, who later started Grenda's Busline, collected the cans of milk each day.
helped his mother to hand-milk about twenty jersey cows for about a year before the family could afford to buy a secondhand "bucket" milking system from Ron Pearson who lived in the house that is still on the rise just east of the Dandenong Creek in Wellington Road.
Reg dug a well with the assistance of his brother in law, Tom Harding, to supply water for the cooling tank and then every day George
had to hand pump sufficient water to fill it.
dreaded the frosty mornings when the herd remained in the comparative warmth of a clump of trees at the bottom of the paddock and he'd have to ride his
bike down through the frost to round them up.
The milking machine was started with petrol and then switched over to power kerosene.
On the frosty mornings, of course, the machine could be very difficult to start.
A chip heater had to be lit and kept burning to provide boiling water to clean out the milking equipment.
The milk inspector called in often so everything had to be spick and span at all times.
The worst job was having to scrupulously clean every filter in the cream separator.
All the work involved kept George
mother extremely busy every day of the week.
By 1947 George
had commenced secondary education at Dandenong High School
but always had difficulty finding the time to do his
As well, this was still the time of kerosene lamps so having to read and write by that sort of light was not easy.
Electricity came to Roivville in 1948 and George
to this day associates the switching on with the delicious smell of hot apple dumplings cooked by Win on that special day.
Scoresby Football Club
At the end of the war regular sporting competitions got underway again and Reg and his
brother Leo became heavily involved with the Scoresby Football Club
Leo acted as a trainer for many years while Reg was the boot studder.
grew older he
played with the club for many years until a bad head injury made him decide him to end his
playing days in 1961.
went out on a high note as he
won the club's Best and Fairest award that year and was made a Life Member to acknowledge his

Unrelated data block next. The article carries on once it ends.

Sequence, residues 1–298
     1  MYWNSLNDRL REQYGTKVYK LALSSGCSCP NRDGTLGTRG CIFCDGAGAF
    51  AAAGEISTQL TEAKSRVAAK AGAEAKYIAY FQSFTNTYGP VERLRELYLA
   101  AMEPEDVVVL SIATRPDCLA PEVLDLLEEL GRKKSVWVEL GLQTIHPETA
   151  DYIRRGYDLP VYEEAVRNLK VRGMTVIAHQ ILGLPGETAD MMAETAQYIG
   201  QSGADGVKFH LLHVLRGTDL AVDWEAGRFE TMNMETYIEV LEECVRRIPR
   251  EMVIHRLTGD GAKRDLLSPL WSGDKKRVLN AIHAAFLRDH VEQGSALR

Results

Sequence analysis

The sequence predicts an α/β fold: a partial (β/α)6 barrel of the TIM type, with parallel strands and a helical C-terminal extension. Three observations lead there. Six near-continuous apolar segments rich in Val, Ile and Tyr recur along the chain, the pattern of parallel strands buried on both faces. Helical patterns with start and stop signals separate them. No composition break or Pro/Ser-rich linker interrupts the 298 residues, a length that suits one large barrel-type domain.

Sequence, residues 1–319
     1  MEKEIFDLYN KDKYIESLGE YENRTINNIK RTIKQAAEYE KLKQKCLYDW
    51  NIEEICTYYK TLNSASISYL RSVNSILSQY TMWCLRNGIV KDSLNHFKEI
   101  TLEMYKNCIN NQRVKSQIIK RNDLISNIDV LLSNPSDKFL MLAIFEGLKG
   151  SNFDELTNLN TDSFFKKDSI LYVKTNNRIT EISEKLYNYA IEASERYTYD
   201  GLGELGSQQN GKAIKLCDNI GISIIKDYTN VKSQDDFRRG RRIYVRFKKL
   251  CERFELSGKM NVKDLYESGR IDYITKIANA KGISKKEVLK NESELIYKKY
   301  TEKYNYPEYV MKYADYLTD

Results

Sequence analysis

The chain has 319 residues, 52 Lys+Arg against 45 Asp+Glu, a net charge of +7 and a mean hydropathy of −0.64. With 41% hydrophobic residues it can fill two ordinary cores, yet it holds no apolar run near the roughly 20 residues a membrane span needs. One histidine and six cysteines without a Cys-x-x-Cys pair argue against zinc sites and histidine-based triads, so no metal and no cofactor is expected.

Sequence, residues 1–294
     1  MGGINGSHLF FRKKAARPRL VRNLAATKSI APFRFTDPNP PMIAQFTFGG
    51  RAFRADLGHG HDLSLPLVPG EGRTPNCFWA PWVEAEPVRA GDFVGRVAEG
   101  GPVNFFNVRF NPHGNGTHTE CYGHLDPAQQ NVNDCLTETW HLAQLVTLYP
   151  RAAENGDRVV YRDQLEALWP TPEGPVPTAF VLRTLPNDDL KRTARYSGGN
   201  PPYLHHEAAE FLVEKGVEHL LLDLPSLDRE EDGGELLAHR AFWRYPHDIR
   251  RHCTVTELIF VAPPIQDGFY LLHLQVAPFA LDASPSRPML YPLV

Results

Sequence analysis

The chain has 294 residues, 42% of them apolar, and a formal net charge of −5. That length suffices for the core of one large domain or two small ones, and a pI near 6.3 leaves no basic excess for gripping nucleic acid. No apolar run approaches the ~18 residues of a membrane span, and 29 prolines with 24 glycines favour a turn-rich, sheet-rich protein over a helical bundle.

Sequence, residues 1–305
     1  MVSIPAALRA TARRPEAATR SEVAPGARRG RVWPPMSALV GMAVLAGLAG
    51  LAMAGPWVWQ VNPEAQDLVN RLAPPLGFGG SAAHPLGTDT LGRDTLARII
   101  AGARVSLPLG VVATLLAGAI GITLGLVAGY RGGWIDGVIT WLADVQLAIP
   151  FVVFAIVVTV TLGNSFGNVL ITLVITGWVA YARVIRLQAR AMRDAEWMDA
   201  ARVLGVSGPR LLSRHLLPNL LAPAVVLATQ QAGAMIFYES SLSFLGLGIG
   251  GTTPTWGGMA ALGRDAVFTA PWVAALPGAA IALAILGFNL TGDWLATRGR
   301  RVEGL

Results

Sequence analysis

service to the club.
In the following year George
took up umpiring with the VFL
and thoroughly enjoyed this new "career" that took him all over the state and into NSW, Tasmania and South Australia, umpiring in the major country leagues.
was promoted to the position of emergency umpire for the VFL
city matches on a number of occasions and almost took to the field at Kardinia Park for the match of the day between Ceelong and Hawthorn but at the last minute the late arriving designated umpire Peter Sheales rushed in, thwarting George's chance of glory.
Career and Family
George left Dandenong High at the end of Year 11 and commenced work as a draftsman with International Harvester.
time in National Service at Puckapunyal in 1953 and at the end of that Aimee Seebeck's father, Ernie Sneddon, found him a job with the Royal Exchange Insurance Company
The following year he
moved to Mercantile Mutual and worked for them until his
retirement in December 2000.
George's father Reg had finished his working life as an employee of the Ordish Fire Brick Company in Dandenong.
and Elaine have three children: Michelle, Andrew and Rodney and five grandchildren: Ashlee, Daniel, Tom, Tiffany and Kieran.
and Elaine live in Mount Waverley with the company of a giant gum tree in their front garden to remind them of old Rowville days.
Nellie Gill is the grand daughter of George
and Mary Ann Gill who settled in Rowville on a 155 acre property south of Wellington Road in 1857.
called the property "Somerset Farm" after the county of his
birth in England.
Thomas had inherited 80 of the 155 acres of Somerset Farm on the death of his father George